“As the link between the use of personal devices and learning has crystalized in recent years, the question is no longer whether to allow them in the classroom, but how to most effectively integrate and support them” (Johnson et al., 2016).
As an instructional technology coordinator on a K-8 public school campus, I have had many heated debates about this topic: Should we allow students the ability to bring their own devices to school? I have held my ground for years. Yes. Without question. Yes. To do anything else would be a disservice to their development as 21st-century learners, and inevitably, citizens.
But, how can I be so passionately for something that has so many angles in which to cause concern? That is because I firmly believe technology usage, especially in an academic setting, needs to be taught. It needs to be taught to the students like any other skill; how to enter a classroom correctly, how to put a heading on a piece of paper, where to turn in papers, how to make a line in the hallway. Students do not come into Kindergarten knowing these skills. A teacher took time and energy to not only teach them the expectation but to practice that expectation over and over again until it became ingrained.
Here are my top five concerns I am met with on the subject and my response to them.
Number 1: The technology will just be a distraction when I am trying to teach.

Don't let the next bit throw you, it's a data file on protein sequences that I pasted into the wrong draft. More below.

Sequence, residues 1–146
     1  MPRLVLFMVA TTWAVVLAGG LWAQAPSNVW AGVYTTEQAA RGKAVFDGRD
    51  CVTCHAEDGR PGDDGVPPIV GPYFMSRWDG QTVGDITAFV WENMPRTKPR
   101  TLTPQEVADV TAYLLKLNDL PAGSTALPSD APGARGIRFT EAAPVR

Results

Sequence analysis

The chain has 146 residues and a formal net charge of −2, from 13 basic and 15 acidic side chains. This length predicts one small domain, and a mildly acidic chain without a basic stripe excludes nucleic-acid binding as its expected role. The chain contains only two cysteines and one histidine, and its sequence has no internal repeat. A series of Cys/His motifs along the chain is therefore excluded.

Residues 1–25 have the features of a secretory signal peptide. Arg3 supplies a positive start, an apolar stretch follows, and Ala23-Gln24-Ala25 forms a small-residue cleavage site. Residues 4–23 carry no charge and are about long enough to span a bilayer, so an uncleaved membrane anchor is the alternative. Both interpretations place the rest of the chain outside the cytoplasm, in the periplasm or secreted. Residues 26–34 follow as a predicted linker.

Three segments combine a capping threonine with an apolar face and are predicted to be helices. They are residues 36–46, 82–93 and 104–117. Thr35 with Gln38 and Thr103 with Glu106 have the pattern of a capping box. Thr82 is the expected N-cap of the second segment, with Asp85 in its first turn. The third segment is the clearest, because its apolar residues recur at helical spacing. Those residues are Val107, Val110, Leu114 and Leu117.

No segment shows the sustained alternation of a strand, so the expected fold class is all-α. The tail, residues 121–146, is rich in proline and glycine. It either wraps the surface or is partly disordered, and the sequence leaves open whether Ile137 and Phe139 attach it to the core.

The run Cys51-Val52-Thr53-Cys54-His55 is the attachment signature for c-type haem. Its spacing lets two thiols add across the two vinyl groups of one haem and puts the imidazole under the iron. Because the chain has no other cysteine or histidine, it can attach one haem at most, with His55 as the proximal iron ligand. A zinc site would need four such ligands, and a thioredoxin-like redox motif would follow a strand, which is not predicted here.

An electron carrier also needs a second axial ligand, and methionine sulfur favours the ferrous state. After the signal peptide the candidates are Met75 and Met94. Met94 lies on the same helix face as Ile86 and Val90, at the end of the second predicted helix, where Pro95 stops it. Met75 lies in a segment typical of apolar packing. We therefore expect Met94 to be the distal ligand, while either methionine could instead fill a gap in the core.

“Worse, the designers of operating systems have every incentive to be arms dealers to the social media firms. Beeps and pings and pop-ups and icons, contemporary interfaces provide an extraordinary array of attention-getting devices, emphasis on “getting.” Humans are incapable of ignoring surprising new information in our visual field, an effect that is strongest when the visual cue is slightly above and beside the area we’re focusing on” (Shirky, 2014).
This is a common complaint about technology (not just BYOD) in the classroom. It is so bright…and shiny…and great… OH MY I MUST LOOK AT IT! (Please, forgive my humor.) I have seen this phenomenon with my own eyes. As soon as the screen is placed in front of students and starts glowing, you the teacher are lost to the background. I get it. However, this is procedurally problem, not a technology one. Procedures in the classroom need to be put in place (at any age) on when and how the technology is to be used. I have encountered many different ways to combat this problem to include:
- Flipping over and closing lids for the first X amount of minutes of class so full focus is on directions.
- Having a red, yellow, green light system when each color represents a different position of technology. (Red everything is away, yellow it is within reach but flipped or closed, green is you are good to go)
Number 2: We just don’t know what they are actually doing while on the technology.
True. But there are safeguards now-a-days that can help prevent naughty online behaviors. If a BYOD system is rolled out correctly, then the school would essentially create a student wi-fi access point that would block certain hazardous websites and apps. Also, if all the technologies are on the same wi-fi, there are monitoring systems out there for little to no money that can monitor real time what the students are up to. Examples of this include:
There really are so many choices out there that this is almost a non-issue.